The future observance of Sukkot by the nations of the world is connected with Israel’s election and mission. The universal nature of God’s plan for the Jewish people stretches back to His covenant with Abraham. In that holy agreement, God promised,
“And I will bless those who bless you, and the one who curses you I will curse. And in you all the families of the earth will be blessed.” (Genesis 12:3).
Israel’s election must always be linked with her mission to the Gentiles. From faithful Abraham’s seed, God would raise up His chosen people, Israel, to be a blessing to the nations! Israel was chosen to be God’s vehicle of blessing to the world!
Moses wrote regarding the choosing of Israel,
“For you are a holy people to the Lord your God; the Lord your God has chosen you to be a people for His own possession out of all the peoples who are on the face of the earth. The Lord did not set His love on you nor choose you because you were more in number than any of the peoples, for you were the fewest of all peoples.” (Deuteronomy 7:6-7).
God’s choice of Israel was not based upon Abraham’s merit or the obedience of the nation. God chose Israel because He decided to love the nation.
“… the Lord loved you and kept the oath which He swore to your forefathers, the Lord brought you out by a mighty hand and redeemed you from the house of slavery, from the hand of Pharaoh king of Egypt” (Deuteronomy 7:8).
God’s electing love falls upon unworthy sinners as He is a God of grace and a God of purpose. Often, His election is linked to a particular purpose He wants to accomplish, and He chooses and uses whomsoever He wills – including Israel. Rarely in Scripture do those whom God chooses to use deserve the privilege!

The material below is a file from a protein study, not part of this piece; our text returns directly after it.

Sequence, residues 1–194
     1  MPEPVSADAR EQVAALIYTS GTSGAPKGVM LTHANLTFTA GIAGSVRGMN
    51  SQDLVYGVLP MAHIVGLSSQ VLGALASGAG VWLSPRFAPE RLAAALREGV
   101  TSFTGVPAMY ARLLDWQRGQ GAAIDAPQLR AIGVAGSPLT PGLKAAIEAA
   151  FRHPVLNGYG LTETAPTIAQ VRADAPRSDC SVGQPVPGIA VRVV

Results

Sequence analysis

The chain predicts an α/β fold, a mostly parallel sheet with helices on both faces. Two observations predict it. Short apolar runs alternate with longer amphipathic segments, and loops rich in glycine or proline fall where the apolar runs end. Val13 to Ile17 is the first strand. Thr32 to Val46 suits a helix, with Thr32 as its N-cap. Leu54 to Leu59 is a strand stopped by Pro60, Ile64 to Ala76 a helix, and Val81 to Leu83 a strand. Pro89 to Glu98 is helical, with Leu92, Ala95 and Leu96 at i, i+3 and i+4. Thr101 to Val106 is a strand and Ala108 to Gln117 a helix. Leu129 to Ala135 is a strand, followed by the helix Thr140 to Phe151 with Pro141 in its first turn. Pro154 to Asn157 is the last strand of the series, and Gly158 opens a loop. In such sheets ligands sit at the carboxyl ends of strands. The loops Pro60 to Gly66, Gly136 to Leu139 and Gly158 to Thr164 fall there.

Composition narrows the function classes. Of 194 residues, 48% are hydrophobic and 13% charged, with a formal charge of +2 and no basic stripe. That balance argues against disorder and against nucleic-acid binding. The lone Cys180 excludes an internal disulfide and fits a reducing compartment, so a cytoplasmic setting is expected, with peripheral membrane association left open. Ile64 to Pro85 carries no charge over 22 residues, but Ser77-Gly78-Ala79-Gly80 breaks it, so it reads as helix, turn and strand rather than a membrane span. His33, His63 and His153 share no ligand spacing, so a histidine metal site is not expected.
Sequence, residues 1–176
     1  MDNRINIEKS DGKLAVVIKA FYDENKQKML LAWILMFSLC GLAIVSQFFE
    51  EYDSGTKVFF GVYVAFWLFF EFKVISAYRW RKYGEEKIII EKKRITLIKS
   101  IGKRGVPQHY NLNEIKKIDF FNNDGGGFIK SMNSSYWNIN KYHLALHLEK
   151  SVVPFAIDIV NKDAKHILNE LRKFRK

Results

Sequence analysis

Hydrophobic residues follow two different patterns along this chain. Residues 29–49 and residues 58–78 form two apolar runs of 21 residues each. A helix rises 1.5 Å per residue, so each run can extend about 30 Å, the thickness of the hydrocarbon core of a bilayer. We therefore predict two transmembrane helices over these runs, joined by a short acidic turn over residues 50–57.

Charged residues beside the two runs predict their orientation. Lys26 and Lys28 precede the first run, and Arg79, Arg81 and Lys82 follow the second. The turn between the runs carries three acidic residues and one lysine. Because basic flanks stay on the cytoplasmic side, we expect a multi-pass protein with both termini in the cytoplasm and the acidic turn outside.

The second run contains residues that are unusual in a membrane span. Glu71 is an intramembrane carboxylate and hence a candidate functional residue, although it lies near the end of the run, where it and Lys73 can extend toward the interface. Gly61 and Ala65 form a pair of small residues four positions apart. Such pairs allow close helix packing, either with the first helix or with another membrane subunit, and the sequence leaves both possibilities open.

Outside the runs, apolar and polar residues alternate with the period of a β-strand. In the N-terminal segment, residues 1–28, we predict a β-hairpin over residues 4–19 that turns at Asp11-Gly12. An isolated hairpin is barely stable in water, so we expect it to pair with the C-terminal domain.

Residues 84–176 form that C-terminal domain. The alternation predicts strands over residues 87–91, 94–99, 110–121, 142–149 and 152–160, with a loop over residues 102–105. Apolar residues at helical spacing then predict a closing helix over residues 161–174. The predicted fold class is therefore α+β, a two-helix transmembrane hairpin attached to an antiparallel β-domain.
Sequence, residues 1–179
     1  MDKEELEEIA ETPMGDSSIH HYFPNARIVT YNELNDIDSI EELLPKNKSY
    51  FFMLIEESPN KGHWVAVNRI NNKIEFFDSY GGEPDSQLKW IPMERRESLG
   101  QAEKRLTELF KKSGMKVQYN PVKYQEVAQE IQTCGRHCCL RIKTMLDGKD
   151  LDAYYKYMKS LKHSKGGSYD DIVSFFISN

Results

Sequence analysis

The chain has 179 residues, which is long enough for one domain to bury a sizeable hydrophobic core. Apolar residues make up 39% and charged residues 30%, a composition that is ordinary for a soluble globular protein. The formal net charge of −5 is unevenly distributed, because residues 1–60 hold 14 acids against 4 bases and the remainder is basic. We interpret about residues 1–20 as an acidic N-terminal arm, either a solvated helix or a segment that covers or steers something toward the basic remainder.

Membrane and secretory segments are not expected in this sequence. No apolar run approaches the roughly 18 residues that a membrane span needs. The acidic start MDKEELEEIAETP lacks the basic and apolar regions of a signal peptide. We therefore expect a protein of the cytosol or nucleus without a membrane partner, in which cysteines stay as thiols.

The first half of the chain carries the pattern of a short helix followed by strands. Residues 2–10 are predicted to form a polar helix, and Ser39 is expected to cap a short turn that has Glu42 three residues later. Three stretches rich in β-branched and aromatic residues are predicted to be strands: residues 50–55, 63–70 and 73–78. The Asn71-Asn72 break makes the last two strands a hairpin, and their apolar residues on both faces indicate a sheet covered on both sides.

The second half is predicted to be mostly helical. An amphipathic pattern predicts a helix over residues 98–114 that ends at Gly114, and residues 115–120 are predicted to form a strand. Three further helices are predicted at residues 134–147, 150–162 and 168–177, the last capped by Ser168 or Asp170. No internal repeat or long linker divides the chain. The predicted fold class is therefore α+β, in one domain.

God chose the Jewish people as His means to bless all mankind. God chose to love the Jewish people, and through this nation, to express His love for the world. Israel’s chosenness did not mean to assure individual Jewish people of personal salvation. Rather, God’s choice guarantees the chosen nation of ultimately fulfilling His plan, as God never fails to keep His promises. So, although it may seem like God limited His line of promise by choosing one nation above others, His redemptive plan has always been universal so that His plan of redemption would be offered to the entire world.
This is why the Apostle Paul wrote,
Now if their transgression is riches for the world and their failure is riches for the Gentiles, how much more will their fulfillment be! But I am speaking to you who are Gentiles. Inasmuch then as I am an apostle of Gentiles, I magnify my ministry, if somehow I might move to jealousy my fellow countrymen and save some of them. For if their rejection is the reconciliation of the world, what will their acceptance be but life from the dead? (Romans 11:12-15)